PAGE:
How to Fix Outdoor Outlet that Will Not Power – How to Identify and Fix Loose Wire on Outlet
In this video I demonstrate how to fix a faulty outdoor outlet. There are several steps to troubleshooting. You will see that I took the long approach and went down a rabbit hole at another point. We got it working in the end. Thank you to Joe and Kim for letting me film. I enjoy helping friends solve their problems.
0:00 Problem with outdoor outlet
0:20 Identifying bad outdoor GFI protected outlet
0:31 Inspecting Main Panel for presence of GFI breakers (None)
1:53 Locating other outdoor outlets (probably on same circuit)
2:09 Locating GFI Outlet (probably protects outdoor outlets)
2:25 Finding breaker that powers GFI circuit
4:06 Disassembly of GFI Outlet to inspect wiring (loose wires found))
9:23 Reassembly of GFI and Testing that FAILS
9:52 Disassembly of GFI Outlet (ONCE AGAIN)
11:40 Replaced GFI to see if that fixes it (NOPE – It still FAILS)
13:14 Reassembly of GFI after fixing wiring at other outlet (works)
14:57 Testing of GFI outlet and outdoor outlets
Tools and Materials
GFI Tester: https://amzn.to/2KucEDk
The electrical tools used in my installation: https://amzn.to/4016OjF
The general contractor tools used in my installation: https://amzn.to/3CHXveu
The materials used in my installation: https://amzn.to/3mYrI4h
Fix Outdoor Outlet: Diagnosis
In the first step you need to identify the outdoor outlet that is not working. Hopefully, it is connected to a GFI circuit breaker or to a GFI protected outlet. Remember, there is no guarantee that it is. Do not assume and make sure you turn the breaker off when you work on electric. Not only should you use a plug in tester (that also tests GFI circuit testing) but you should also use a DMM or voltage tester to verify that voltage doesn’t exist at the hot wire where you are working, i.e. the breaker is off.
Do not assume that because there is no voltage at the wire that it cannot suddenly become live. If someone flips a switch or a loose wire in another part of the house suddenly makes contact you may be in a world of hurt if you are on the receiving end of this.
Once you identify the outdoor outlet that is faulty you will need to check to see if there is a breaker labeled for this outdoor outlet. It could be that there is a breaker that has GFI capability built into it, which means that you may or may not also have a GFI outlet. GFI breakers and GFI outlets do go bad. Connections to the outlets do go bad, especially those outdoors because they are exposed to moisture which can speed up corrosion. Temperature fluctuations on outdoor outlets are more prevalent and can lead to loose connections over time.
You diagnose the problems by starting at the faulty outlet and tracing your way back through the circuit all the way to the circuit breaker. The may be an inline GFI that could be a problem. Chances are you do not have a broken wire but more likely a loose or bad connection. But that doesn’t mean that you DO NOT have a broken wire, i.e. broken by new construction or a nail through a wall, etc.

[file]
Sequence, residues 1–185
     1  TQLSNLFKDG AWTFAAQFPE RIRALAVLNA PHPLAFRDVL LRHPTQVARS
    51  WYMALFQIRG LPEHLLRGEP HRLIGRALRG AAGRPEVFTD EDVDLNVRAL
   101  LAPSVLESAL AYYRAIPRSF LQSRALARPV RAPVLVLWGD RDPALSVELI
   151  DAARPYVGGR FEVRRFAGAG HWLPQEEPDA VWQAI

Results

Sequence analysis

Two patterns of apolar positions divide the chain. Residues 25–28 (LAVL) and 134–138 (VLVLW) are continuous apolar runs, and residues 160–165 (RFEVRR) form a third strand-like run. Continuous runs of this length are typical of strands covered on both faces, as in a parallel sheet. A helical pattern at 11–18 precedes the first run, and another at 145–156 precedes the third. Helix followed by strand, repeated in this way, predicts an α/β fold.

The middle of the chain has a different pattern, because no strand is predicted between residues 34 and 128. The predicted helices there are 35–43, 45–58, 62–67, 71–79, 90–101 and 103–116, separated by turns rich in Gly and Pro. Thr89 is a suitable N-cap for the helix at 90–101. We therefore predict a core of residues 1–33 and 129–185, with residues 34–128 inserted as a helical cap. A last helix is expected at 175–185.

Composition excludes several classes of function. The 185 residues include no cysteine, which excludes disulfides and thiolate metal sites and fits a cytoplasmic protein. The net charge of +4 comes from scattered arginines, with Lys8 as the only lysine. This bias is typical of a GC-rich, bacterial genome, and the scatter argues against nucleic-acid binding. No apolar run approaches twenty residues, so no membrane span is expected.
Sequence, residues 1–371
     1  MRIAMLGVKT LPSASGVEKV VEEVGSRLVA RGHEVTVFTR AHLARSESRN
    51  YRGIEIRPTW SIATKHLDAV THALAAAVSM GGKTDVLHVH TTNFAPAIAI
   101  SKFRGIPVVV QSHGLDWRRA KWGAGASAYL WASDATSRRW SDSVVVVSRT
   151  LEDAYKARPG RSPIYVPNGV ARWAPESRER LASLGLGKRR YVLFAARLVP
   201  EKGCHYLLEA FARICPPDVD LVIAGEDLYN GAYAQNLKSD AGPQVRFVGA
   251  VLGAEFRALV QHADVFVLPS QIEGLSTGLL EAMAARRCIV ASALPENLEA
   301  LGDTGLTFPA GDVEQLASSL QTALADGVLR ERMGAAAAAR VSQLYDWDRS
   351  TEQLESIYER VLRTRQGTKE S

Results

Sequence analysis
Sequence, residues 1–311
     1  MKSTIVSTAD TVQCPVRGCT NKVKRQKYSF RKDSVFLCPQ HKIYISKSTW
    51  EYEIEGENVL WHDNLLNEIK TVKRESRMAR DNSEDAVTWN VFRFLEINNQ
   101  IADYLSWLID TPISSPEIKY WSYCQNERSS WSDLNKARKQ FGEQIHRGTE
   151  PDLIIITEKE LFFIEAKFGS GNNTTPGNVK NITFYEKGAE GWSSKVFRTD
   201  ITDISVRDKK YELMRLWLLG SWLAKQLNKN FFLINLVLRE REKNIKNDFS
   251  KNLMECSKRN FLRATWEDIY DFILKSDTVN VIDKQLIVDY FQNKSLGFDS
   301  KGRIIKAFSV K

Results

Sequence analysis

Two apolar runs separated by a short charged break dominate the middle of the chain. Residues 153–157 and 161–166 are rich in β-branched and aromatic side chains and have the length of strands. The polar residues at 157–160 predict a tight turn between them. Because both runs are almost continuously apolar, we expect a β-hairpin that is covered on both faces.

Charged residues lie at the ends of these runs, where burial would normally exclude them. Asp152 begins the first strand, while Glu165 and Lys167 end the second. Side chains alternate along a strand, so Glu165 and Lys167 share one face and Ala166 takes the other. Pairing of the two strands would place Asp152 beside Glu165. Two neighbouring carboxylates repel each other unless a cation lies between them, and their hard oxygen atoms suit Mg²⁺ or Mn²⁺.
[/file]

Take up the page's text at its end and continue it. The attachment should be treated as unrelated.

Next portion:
You are responsible for following safe practices when working. Safety is a mind set that needs to be applied to all areas and not just electricity. Yes, electricity is dangerous. You can get shocked or electrocuted from it. But you could also fall off of a ladder or trip on something on the floor and get seriously injured. Be aware of your surroundings in your workspace as even turning around could result in hitting your head on something. Always be thinking about safety.
Please ensure proper electrical bonding by torqueing all setscrews and lugs down to the proper torque. Proper electrical bonding helps to ensure good flow of electricity with negligible resistance impeding the flow.
Consult a Licensed Electrician
Please consult a licensed electrician before you attempt any of this on your own if you do not have detailed knowledge of electricity. An improper installation could result in ineffective GFI protection, shock, electrocution or fire. Please follow all safety precautions when working with electricity. If you are not comfortable performing this work then please hire or consult a licensed electrician. This is not something that you can take an approach where you’ll just wing it. A slight misstep could result in shock or electrocution. But don’t consider the only hazard the electricity. Your work area could be equally as dangerous. Observe all reasonable safety precautions from every level from standing on a ladder to installing the panel to landing the wires. Even improperly handling a knife or wire cutters could result in injury.
If you are interested in other U Do It™ articles you can see them here.